In addition to revolving lines of credit, business credit cards (another form of revolver debt) are very useful for working capital management. Credit cards work similar to the way that revolving lines of credit work. Additionally, credit cards often come with points, cash back, and perks that provide additional benefits to using them. Business credit cards tend to come with lower limits than revolving lines of credit do. Business credit cards are a great option when the upfront payments don’t need to be paid for in cash, or via an electronic funds transfer.
Small businesses can often pay for inventory (and many other expenses) with credit card and they can use these credit cards to manage working capital funding gaps. As an example, say a business needs to buy inventory and the terms of repayment are 30 days. The small business may be able to pay with a credit card. If they are at the beginning of their billing cycle, it may mean they get an additional 28 days before any cash outflow. So, in this example, instead of having a cash outflow in 30 days, that company won’t have a cash outflow for 58 days (30+28). If that business paid off the credit card balance in full when due, this business would not even owe any financing costs.
The downside to credit cards in this instance would be if the small business were unable to pay. It would then be subject to fees, and interest rates that can be as high as 24 percent.
In addition to these banking products and services, commercial banks also offer businesses with traditional term loans and commercial mortgages, however, traditional term loans are not normally available to small businesses (unless they have been around for a long time). Because of this, we’ll look at them in the next section.
Now that we’ve seen the commercial banking products and services typically offered to small businesses, we’ll look at what commercial banks offer to mid-size businesses. These businesses will also benefit from many of the same products and services as small businesses, but will have more complicated banking needs. This is often due to increased complexity with inventory management and supply chains.
First, we’ll talk about term loans. Term loans are different than revolver debt in that they are for a fixed amount, for a fixed term, and they are associated with a specific expenditure. With revolving lines of credit, the business gets constant access to the loan amount. If they have a $100,000 line of credit, borrow $5,000 and pay it back two weeks later, then they still have access to the $100,000. With term loans, once the loan has been repaid, the business would need to reapply for a new loan to get more money.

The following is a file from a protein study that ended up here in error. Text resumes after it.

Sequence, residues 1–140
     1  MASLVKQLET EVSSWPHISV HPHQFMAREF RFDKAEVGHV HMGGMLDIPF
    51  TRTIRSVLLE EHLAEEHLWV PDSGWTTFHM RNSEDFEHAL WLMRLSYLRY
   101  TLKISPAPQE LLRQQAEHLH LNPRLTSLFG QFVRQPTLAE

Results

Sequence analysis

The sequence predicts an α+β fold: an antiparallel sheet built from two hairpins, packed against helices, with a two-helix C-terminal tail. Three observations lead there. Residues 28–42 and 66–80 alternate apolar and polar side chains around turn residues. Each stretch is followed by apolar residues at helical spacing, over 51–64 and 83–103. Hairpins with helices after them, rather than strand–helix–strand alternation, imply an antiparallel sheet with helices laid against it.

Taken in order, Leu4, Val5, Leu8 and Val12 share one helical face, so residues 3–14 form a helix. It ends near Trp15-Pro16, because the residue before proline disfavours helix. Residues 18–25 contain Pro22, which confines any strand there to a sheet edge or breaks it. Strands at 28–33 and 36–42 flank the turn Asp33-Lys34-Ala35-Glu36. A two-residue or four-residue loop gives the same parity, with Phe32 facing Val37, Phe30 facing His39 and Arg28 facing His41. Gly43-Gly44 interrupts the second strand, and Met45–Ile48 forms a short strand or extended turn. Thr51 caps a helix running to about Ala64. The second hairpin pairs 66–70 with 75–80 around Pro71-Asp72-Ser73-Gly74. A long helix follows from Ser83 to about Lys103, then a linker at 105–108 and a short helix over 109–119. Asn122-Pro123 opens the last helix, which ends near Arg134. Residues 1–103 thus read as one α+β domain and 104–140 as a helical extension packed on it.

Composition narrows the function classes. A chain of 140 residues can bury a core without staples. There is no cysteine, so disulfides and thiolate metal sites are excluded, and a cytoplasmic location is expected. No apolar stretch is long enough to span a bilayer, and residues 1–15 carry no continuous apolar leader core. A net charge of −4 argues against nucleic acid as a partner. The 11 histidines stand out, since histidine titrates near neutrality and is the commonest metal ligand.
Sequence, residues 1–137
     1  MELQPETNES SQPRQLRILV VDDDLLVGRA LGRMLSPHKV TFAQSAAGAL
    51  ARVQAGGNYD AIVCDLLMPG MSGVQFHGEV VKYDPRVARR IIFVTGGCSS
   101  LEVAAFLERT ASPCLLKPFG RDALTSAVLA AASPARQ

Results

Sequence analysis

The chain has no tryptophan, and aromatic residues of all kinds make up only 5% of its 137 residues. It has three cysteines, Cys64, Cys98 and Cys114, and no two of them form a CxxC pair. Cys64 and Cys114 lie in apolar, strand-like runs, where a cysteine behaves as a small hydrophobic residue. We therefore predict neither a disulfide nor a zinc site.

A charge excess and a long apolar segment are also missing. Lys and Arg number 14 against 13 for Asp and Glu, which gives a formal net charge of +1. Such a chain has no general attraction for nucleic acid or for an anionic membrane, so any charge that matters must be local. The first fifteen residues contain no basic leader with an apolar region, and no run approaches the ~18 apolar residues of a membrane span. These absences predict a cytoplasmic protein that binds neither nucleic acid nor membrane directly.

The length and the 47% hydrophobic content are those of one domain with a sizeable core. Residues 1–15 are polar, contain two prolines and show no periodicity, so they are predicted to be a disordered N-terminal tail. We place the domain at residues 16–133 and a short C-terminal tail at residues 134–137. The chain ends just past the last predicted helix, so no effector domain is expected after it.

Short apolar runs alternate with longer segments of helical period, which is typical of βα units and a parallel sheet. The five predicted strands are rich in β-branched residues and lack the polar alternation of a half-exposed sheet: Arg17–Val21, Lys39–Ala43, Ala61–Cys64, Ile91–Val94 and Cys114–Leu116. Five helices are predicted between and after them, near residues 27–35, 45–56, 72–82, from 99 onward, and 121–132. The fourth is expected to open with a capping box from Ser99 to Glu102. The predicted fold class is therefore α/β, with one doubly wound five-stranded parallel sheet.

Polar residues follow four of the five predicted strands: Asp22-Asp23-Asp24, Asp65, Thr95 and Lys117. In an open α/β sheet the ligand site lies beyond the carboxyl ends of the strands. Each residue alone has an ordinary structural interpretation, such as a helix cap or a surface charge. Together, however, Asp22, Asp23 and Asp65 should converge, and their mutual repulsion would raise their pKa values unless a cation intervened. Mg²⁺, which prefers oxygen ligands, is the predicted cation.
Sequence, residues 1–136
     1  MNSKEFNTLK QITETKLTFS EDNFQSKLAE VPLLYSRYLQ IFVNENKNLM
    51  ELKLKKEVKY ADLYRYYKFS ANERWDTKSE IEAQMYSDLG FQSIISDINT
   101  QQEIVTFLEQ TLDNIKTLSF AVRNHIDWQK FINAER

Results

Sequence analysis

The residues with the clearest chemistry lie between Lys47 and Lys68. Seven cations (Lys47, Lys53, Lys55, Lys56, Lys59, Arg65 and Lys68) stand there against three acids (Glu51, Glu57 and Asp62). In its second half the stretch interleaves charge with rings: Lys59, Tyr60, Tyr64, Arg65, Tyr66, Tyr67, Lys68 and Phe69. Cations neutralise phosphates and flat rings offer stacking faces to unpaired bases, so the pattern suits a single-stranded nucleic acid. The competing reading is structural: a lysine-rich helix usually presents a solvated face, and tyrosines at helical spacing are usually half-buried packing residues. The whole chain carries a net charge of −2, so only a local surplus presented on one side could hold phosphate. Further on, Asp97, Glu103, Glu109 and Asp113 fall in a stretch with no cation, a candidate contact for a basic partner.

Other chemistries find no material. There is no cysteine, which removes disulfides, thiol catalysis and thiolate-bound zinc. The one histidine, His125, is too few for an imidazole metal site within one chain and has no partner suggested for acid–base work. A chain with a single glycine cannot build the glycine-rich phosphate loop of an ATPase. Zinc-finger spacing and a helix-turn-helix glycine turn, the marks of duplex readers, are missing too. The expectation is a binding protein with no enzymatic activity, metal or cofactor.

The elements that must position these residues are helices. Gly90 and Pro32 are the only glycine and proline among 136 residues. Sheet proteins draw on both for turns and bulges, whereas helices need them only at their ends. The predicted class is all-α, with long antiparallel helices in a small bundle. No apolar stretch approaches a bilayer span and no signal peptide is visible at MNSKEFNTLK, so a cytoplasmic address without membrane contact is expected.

Revolver debt is intended to help businesses with working capital management. Term loans are intended to help businesses with capital expenditures.
Businesses use term loans to finance growth when they don’t have the ability to pay for what they need out of cash flow from operations. Term loans are typically used to purchase things like equipment, vehicles, and machinery.
There are three components to a term loan: the term length of the loan, the amortization structure and period, and the interest rate charged.
Typically, the length of the term loan will depend on the creditworthiness of the business. If they are perceived to be a higher risk the loan may be for one or two years. If the business is perceived to be a lower risk, then the lender may offer a term length of three to five years.
The interest rates charged on term loans are dependent on market interest rates as well as the creditworthiness of the borrower.
Term loans can be fully-amortized, partially-amortized or non-amortized loans. To learn more about term loans, we’d recommend our guides: Term loans (Part 1): How They Work and Term Loans (Part 2): Structure & Amortization.
In addition to term loans, commercial banks also provide businesses with commercial mortgages. Commercial mortgages work very similarly to term loans, but are specifically for the purchase of real estate.
For mid-size businesses, commercial banks often offer increased revolving lines of credit. It’s not uncommon for commercial banks to extend lines of credit to mid-size businesses for several million dollars.
In addition, commercial banks offer mid-size businesses assistance with cash and treasury management services. These can help businesses manage supplier payments, receipts from receivables, and direct cash flow.
Commercial banks also help mid-size businesses with trade finance and foreign exchange. Banks help mid-size businesses by helping to finance importing, buying, exporting, and selling activities that help companies trade across global boarders. These banks also help businesses with foreign exchange services. Foreign exchange services involve the exchanging of domestic currency with the currency of another country.
Now that we’ve seen some of the commercial banking products and services extended to small and mid-size businesses, we’ll look at what banks offer to larger corporations. Often commercial banks that cater to large corporations call themselves corporate banks.
To understand how the banking needs of businesses change as they grow, we’ll briefly look at banking from the perspective of a larger business.
Businesses grow organically in four ways:
These are forms of organic growth. When businesses grow to a certain point, their growth rate declines. Part of this has to do with the fact that they reach the limits of their total addressable market. At this point, it becomes faster to grow through merger and acquisition deals than it is to grow core operations further. To learn more about these concepts, we recommend our guides: Organic vs Inorganic Growth and Types of Mergers & Acquisitions.
So, businesses that corporate banks cater to are often looking to grow through mergers and acquisitions and some are even looking to become publicly traded. Because of this shift, corporate banks offer banking products and services that help larger businesses with these more complex needs.
Corporate banks offer advisory services geared towards larger businesses that are intended to help them prepare for going public through an initial public offering. They also offer acquisition finance to businesses that are looking to grow through M&A deals. These acquisition financing services involve both the advisory services on the best financing options that would fit with the business’ current capital structure, as well as providing the financing directly to the corporations. To learn more about this, we recommend our guides: Capital Stack Quick Guide and What Is Financial Leverage? In these guides, we explain how the use of financial leverage is important in making acquisitions and we look at how a business is financed and can raise capital through various types of debt and equity.
In addition to large businesses, corporate banks also service governments and financial institutions.